STAR ENCODER WHEEL

 

 

PIC-A-STAR is an Amateur Radio transceiver based around a DSP .

PIC-A-STAR (Software Transmitter and Receiver) was first published as an article by the Radio Society of Great Britain in RadCom Aug 2002 to March 2004. Also, as a devoted chapter in the 2006 RSGB Handbook. The author of the project is Peter, G3XJP. See also Yahoo groups.

The STAR rig is a little unique in that it uses a home brew optical encoder to be the only front panel variable control. The parameter to be changed, be it frequency, volume, DSP filters etc, is selected by a keyboard. In normal use though, the front panel variable control changes the frequency that the rig is tuned to, so a smooth action is very desirable.

This presents a bit of a physical challenge in the mechanics of the control as a decent knob is required, driving via a shaft to an optical encoder using an IR LED emitter and a detector. After a unsuccessful attempt at PCB based based bearings etc, I decided to bite the bullet and make a system using proper roller bearings. A visit to my local bearing house, produced a couple of tiny (expensive) bearings that slipped straight onto a piece of nice 1/4" shaft I salvaged from some old test equipment. My STAR case is home made using pieces of 25 x 12mm aluminium bar stock as the base. So i used some short pieces of that and with the lathe, bored some close fitting housings for the bearings. A section of scrap 2" diameter alumimiun was also turned to make a flywheel. Some retaining bushes fit either end, to stop end movement of the shaft. The actual optical disk I made by laser printing on overhead transparency material. A print shop made some for me also but they proved not to be IR transparent and were useless.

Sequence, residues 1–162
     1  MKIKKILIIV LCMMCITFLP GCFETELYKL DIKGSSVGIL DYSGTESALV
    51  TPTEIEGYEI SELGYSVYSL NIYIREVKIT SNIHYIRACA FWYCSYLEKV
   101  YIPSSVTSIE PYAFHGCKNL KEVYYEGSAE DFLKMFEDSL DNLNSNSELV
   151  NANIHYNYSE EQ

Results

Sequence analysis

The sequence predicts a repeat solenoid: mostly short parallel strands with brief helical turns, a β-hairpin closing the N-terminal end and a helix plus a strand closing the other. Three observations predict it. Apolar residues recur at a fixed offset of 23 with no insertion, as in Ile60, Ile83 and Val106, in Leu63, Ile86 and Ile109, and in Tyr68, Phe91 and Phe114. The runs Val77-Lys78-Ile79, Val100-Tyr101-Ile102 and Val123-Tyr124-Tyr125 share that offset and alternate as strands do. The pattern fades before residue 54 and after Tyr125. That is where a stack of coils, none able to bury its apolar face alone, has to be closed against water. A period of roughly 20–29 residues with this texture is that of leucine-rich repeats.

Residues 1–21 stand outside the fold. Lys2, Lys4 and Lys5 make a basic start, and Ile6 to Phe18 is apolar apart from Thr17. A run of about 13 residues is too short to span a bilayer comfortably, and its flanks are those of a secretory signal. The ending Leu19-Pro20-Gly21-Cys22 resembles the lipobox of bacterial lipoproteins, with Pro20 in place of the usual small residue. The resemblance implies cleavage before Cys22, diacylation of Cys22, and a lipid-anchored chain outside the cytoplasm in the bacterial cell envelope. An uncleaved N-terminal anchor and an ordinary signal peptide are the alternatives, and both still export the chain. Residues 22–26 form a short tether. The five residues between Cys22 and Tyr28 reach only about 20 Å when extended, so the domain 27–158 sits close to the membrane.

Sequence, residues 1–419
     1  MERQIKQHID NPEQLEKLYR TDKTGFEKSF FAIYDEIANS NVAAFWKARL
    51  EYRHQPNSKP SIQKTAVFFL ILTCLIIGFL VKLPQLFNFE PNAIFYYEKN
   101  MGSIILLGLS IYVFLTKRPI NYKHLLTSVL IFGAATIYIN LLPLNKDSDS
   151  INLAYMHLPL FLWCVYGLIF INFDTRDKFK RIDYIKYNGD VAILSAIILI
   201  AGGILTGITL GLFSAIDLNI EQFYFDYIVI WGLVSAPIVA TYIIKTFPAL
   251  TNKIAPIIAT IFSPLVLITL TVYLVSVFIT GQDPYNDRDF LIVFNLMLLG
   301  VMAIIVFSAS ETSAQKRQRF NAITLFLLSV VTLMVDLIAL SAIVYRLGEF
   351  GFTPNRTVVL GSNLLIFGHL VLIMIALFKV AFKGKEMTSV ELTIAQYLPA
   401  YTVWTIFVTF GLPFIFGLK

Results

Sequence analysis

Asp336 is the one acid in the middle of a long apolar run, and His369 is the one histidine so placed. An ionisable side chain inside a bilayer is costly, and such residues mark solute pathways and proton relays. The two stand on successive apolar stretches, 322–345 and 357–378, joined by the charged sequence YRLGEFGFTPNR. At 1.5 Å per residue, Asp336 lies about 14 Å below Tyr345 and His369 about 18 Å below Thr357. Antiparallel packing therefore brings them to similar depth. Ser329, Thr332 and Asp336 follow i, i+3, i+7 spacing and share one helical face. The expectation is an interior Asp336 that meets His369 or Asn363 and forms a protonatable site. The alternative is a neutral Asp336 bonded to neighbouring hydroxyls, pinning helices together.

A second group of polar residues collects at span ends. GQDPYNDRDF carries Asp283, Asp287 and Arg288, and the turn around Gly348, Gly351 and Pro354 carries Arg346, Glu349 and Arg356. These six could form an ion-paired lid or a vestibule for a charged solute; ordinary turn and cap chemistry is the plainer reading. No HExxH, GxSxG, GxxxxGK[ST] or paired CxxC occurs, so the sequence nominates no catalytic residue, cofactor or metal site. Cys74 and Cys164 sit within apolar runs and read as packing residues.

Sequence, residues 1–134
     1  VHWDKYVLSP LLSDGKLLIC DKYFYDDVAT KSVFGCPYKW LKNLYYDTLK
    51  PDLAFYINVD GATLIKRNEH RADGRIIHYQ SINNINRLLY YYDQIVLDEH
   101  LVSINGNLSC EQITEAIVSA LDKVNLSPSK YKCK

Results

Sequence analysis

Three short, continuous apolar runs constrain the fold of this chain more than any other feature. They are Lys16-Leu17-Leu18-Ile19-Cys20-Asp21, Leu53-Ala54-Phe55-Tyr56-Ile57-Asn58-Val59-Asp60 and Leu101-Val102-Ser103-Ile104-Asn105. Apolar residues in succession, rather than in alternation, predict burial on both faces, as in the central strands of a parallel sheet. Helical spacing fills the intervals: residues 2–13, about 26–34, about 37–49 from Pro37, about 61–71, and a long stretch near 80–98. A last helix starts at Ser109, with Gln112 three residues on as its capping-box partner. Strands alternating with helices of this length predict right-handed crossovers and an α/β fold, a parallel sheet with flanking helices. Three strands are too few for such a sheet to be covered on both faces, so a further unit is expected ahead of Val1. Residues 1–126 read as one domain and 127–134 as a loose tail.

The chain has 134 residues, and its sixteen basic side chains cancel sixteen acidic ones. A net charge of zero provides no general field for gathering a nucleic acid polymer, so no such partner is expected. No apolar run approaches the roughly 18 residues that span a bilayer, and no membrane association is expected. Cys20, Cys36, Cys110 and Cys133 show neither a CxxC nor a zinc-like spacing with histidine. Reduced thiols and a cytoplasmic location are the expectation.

The front panel knob I used was a 52mm one from an old Eddystone project.

Reading the data sheet for the HLC2705 IR detector (RS 196-993), showed that the best diode to use with it is the SEP8506 (RS 195-798) so I used one of them also after trying other IR diodes with limited success. (I could not get the LD271 diode used in the original STAR project)

I seem to be getting the odd random frequency change though, after a quick rotation of the dial. It is stopped by moving the dial again. It seems my wheel combination is perhaps better in one direction than the other. i.e.. I don't get equal frequency changes in each direction. This may be a clue, I am not sure yet. I noticed on the data sheet for the HLC2705 that the requirement for the "spokes" on the optical wheel may not be met by the published wheel file. I made a new wheel with thicker spokes. They are now about 17mils wide, slightly wider than the transparent section, which is the reverse to the original design. I have not tried this one as yet, though. If you want to see the new wheel, here is a pdf file of it. to 1:1 scale. It has 180 spokes as per the original STAR design file. Viewing of the pdf file seems to show some "thick" spokes but is an optical illusion. Printing the file shows it is fine.

Here are some pictures of my mechanics for the wheel assembly. It has the original opto transparency. I need to make a new centre bush, to better support the wheel to a bigger diameter as i have some wobble in the material due to the heat from the Laser print process.

Complete assembly of bearing supports and opto wheel. You can see the SEP8506 IR LED here. It's a side looking type package. I made a separate PCB for the opto assembly.

 

Some detail of the bearing support. The small ball bearing (visible to right of the collar) is contained in a pocket turned into the side of the 25 x 12mm bar (1" x 0.5") The bar is tapped on the bottom end, for screwing down to the chassis. The little collar on there is held with a grub screw and stops end float. It has a shoulder on it to contact the centre section of the bearing. (see previous picture) The flywheel at the rear (previous picture) also stops end float in the other direction. The whole assembly is longer than original STAR design but my chassis is a bit bigger anyway, so no problems.

 

VK3PE

 

Uploaded March 22, 2007